As a business owner, the law may seem an unnecessary burden, creating reporting and compliance obligations that get in the way of good business. You might be tempted to think that as long as your terms and conditions are in hand, the law won’t come crashing down on you if you bend the rules a bit.
Don’t be fooled; no company is too small to be worth the attention of the authorities – especially where price fixing is concerned.
In the first case of its kind, the Competition and Markets Authority (CMA) has secured the prosecution of a company for price fixing on the sale of posters with one of its leading competitors. Trod Limited had agreed with another Amazon seller, GB Eye, that they would not undercut one another’s prices for posters and frames on the e-marketplace. Under competition law, companies are prohibited from fixing prices of goods with competitors, as this disadvantages consumers by pushing prices up.
Having blown the whistle on the price fixing, GB Eye and its directors were let off the hook by the CMA, but this was not the case for Trod Limited. Under the Company Directors Disqualification Act 1986, the CMA has the power to disqualify a director for up to 15 years. Anybody slapped with the penalty is then barred from acting as a director or receiver of a company and cannot even be involved with a company’s management without the permission of the court.
For Trod Limited’s director, what started out as a way of maintaining his company’s turnover ended with a 5-year disqualification from company management and the end of his role with Trod (at the time of publishing, searches suggest the company is in administration).
Lessons to be learned
Competition law is something that smaller businesses don’t usually worry about too much. But the fiasco surrounding Trod Limited is a timely reminder that the law applies to all of us. Even with an annual turnover of around £15million, Trod Limited was simply an online poster seller operating from home. He and his competitor had used automatic repricing software to ensure neither undercut the other on Amazon, so the mechanics of the price fixing were all managed digitally. There were no smoky boardroom deals between billionaires, but the end effect was considered by the CMA in the same way as any blue-chip market stitch-up would have been.
For this case to be the first disqualification of a director for a breach of competition law indicates that the CMA wanted to set an example. Despite both Trod Limited and GB Eye being relatively small regional sellers, the investigation into them was well coordinated and turned up results which warn any company (big or small) that price fixing is not an acceptable practice.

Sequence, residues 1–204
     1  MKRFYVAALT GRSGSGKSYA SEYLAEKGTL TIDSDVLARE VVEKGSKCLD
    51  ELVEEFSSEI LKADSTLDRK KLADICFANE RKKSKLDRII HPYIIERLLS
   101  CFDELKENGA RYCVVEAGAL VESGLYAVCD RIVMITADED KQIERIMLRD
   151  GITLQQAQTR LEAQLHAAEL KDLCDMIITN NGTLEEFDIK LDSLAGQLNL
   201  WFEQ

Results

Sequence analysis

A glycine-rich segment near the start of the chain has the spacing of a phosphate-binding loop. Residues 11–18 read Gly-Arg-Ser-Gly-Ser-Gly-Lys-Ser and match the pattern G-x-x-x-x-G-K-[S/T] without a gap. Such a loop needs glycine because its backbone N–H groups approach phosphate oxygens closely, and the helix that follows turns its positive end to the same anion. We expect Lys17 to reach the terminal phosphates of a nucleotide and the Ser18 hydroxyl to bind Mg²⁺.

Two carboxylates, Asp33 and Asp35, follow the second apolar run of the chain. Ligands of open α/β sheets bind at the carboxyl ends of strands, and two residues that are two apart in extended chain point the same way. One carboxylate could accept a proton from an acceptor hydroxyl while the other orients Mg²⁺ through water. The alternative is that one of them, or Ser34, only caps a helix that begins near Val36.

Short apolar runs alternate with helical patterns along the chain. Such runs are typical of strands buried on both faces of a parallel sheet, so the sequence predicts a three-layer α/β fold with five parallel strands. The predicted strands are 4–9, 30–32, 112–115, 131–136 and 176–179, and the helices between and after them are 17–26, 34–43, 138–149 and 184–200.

Issuing a statement following the directors’ disqualification, the CMA noted that “the business community should be clear that the CMA will continue to look at the conduct of directors of companies that have broken competition law” and that they were “absolutely prepared to use this power again.”
It seems that no matter how small your business, the CMA will not turn a blind-eye to price fixing even if your market share is minimal.
Our three tips for any business selling goods or services in light of this CMA crackdown:
- Don’t be tempted to fix prices with a competitor, even if it boosts business for both parties and seems innocuous. Chances are you will be caught out!
- Don’t feel that price fixing with resellers of your products will be OK. Even though allowing them to undercut you doesn’t seem like good business, the law is clear that you cannot prevent them from selling at a lower price than you do.
- If you are involved with price fixing, approach the CMA yourself. The directors of GB Eye went unpunished for their part in the Trod case, simply because they blew the whistle. The authorities are willing to cooperate re: disqualifications provided that you are willing to reveal any wrongdoing.
And finally, of course, involve one of our experienced commercial consultants in any business agreements to make sure you don’t break the rules! Then you can sleep safely at night, knowing the CMA won’t come knocking at your door in 2017. Contact us for a free initial call.